Tuesday, April 5, 2011

Special Spend Report: Shop Small, Save Big

During the month of February I didn't shop at any major chain grocery stores. I did all my shopping at smaller grocery stores. I assumed prices would be crazy expensive and that my monthly grocery bill would skyrocket. I was wrong.
So, where did I buy my groceries?

I shopped at:
Probably the best deal I found was black forest ham for just .99 cents/100 grams at the Holland Shopping Centre, which has a deli. (That seems to be the regular price for it.) Safeway's was $1.79/100 g.
I did most of my grocery shopping at Donald's Market. I found that on produce and regular priced items, Donald's was very competitive with Safeway, which is where I usually do my big grocery shops.

For example: 
  • Philadelphia soft cream cheese: $4.49 at both Safeway and Donald's.
  • Bananas were .79 cents/lb. at both Safeway and Donald's.
Some items were cheaper at Donald's, like Eggo Waffles, which are $2.99 at Donald's, but $3.29 at Safeway.

It is hard though to beat the big stores' sale prices: Safeway sells Eggo waffles on sale for $2. I bought a big box of Froot Loops at Donald's for $6.49; the same box at Safeway is regular priced at $7.11, but on sale, it's just $4.99.

It was tough to find a deal on milk. I'm used to paying about $4.50 for 4 litres. It was a lot more expensive at Uptown Market—$5.99 for 4 litres—and a bit more expensive at Donald's—$4.99 for 4 litres. And the wonderful glass bottles of Avalon Dairy milk are way more expensive, I think about $2.99 for 2 litres.

But sometimes it's worth it to pay for the quality. That's what I found at Queen's Park Butcher, where I got a pound of ground beef that cost about $1 more per pound than at Safeway. But there was such a noticeable difference in quality, I know I'll go back. When I cooked up the ground beef and went to drain off the grease, there was nothing to drain off. Not that it was entirely fat-free, but there was not enough to drain.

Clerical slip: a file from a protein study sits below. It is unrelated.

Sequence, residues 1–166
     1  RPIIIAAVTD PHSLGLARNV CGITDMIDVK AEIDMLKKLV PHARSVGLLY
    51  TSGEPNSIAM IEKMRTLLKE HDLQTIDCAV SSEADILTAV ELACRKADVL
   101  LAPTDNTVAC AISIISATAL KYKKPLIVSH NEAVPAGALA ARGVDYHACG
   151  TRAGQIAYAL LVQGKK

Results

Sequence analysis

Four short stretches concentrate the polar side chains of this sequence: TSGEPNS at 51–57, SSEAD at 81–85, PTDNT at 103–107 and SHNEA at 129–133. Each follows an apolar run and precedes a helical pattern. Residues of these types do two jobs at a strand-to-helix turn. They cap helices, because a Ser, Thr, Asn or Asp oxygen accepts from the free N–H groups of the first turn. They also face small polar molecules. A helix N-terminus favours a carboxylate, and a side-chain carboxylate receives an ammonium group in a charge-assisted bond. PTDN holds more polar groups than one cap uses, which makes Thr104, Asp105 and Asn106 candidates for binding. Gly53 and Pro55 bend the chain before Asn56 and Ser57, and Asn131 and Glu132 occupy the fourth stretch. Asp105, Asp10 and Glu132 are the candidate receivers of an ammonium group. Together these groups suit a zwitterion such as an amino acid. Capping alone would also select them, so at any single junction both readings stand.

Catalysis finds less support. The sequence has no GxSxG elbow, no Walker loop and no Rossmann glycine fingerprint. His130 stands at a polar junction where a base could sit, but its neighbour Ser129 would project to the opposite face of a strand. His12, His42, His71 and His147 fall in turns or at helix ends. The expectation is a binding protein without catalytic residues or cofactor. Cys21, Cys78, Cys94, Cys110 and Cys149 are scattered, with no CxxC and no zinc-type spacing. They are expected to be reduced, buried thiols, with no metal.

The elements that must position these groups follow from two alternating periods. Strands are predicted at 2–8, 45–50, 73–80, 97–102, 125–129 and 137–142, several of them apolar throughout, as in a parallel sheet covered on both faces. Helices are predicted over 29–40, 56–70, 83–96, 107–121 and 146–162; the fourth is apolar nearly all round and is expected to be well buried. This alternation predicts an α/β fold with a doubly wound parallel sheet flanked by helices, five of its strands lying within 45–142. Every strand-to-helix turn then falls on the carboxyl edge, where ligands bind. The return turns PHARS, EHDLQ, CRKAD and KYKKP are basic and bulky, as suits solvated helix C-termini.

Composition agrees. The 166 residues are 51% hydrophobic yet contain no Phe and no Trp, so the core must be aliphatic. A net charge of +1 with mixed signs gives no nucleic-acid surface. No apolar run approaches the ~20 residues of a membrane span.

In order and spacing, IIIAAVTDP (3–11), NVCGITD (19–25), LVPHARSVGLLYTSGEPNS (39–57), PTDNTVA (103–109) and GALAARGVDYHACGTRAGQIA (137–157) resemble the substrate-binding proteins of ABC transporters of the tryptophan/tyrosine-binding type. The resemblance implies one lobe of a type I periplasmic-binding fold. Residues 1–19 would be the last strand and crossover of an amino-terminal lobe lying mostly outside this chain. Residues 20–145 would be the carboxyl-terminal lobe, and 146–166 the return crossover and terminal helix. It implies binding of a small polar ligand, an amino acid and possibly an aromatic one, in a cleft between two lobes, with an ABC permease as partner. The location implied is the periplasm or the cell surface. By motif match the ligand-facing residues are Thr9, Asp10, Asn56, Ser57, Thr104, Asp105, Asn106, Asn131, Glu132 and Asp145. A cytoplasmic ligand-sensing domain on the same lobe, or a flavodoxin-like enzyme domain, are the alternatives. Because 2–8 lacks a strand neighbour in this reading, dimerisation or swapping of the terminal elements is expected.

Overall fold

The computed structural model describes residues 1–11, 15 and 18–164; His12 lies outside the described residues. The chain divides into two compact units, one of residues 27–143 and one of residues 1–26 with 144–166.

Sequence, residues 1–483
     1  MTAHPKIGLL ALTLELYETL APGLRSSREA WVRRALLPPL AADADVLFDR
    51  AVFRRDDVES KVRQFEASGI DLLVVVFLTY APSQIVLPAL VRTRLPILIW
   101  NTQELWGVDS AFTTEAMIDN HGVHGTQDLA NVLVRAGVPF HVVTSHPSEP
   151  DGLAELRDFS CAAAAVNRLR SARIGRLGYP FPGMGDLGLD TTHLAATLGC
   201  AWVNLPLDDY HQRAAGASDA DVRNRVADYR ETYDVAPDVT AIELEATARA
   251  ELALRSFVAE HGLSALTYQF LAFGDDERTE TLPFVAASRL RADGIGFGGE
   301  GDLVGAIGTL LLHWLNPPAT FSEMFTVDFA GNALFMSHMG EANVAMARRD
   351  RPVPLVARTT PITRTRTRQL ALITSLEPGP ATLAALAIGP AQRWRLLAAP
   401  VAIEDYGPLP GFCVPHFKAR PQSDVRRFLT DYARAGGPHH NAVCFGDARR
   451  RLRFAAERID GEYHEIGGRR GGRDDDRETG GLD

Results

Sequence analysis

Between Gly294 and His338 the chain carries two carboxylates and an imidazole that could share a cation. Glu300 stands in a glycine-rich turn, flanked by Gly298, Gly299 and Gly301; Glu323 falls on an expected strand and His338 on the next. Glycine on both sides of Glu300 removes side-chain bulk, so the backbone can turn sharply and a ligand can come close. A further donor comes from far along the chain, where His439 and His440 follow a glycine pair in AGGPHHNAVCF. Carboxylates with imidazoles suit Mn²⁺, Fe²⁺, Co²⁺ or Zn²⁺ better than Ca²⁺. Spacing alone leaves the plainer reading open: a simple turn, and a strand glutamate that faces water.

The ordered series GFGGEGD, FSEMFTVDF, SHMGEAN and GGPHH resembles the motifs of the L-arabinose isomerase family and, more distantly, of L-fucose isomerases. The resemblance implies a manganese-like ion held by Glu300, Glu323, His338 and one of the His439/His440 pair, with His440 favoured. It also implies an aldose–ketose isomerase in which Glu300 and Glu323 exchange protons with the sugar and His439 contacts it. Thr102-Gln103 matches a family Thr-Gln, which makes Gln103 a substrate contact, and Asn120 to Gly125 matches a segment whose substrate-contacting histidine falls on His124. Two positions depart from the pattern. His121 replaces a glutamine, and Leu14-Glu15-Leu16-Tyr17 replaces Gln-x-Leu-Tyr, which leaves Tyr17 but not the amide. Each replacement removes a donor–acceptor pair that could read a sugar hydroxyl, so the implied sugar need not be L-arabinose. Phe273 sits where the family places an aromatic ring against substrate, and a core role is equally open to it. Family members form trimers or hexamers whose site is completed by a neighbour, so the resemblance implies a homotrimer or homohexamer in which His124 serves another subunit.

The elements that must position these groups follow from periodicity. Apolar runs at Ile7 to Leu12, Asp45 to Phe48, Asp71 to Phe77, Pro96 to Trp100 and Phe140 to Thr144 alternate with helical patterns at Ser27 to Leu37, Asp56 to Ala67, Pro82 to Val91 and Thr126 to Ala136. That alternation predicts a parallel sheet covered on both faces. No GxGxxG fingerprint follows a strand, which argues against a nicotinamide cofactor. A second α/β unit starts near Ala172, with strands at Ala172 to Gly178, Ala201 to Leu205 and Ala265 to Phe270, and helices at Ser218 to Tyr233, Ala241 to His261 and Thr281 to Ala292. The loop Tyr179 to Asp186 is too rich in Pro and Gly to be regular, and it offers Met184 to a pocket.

Was there any cheating? You bet. My husband made a couple of morning runs to the nearby Price Smart for milk. I felt a wee bit bad about this, but while Price Smart is part of a big chain, it's a B.C. chain. Plus the store near our house is always being threatened with closure so I always feel good when I shop there because if it closes pretty much the only place to buy milk near our house will be Wal-mart.

Other than avoiding big chains, I did make one other big switch to my shopping habits in February: I meal planned. Every Sunday, I figured out what we already had in the fridge, freezer, and pantry and I planned my meals around that. Instead of buying things I thought we might need, I was buying only the specific items I knew we would.

According to one blogger, after she started meal planning, her grocery bill was cut in half. Mine didn't go that low, but I did spend less, and I did use up way more of what I had in my pantry, fridge and freezer.

In total, I spent about $380 on groceries in the month of February. In January, I spent just over $450.

I have to admit that after February I pretty much reverted back to my old grocery shopping habits and I've abandoned meal planning. That's something I want to start doing again.

I'm also hoping to make my way back to the smaller stores on a more regular basis especially now that I know I can get:
  • reasonably priced ground turkey at Uptown Market;
  • great meat at Queen's Park Butcher; and
  • a made-in-Vancouver laundry detergent at Donald's Market that is formulated for this area's soft water and is priced comparably to big name detergent brands.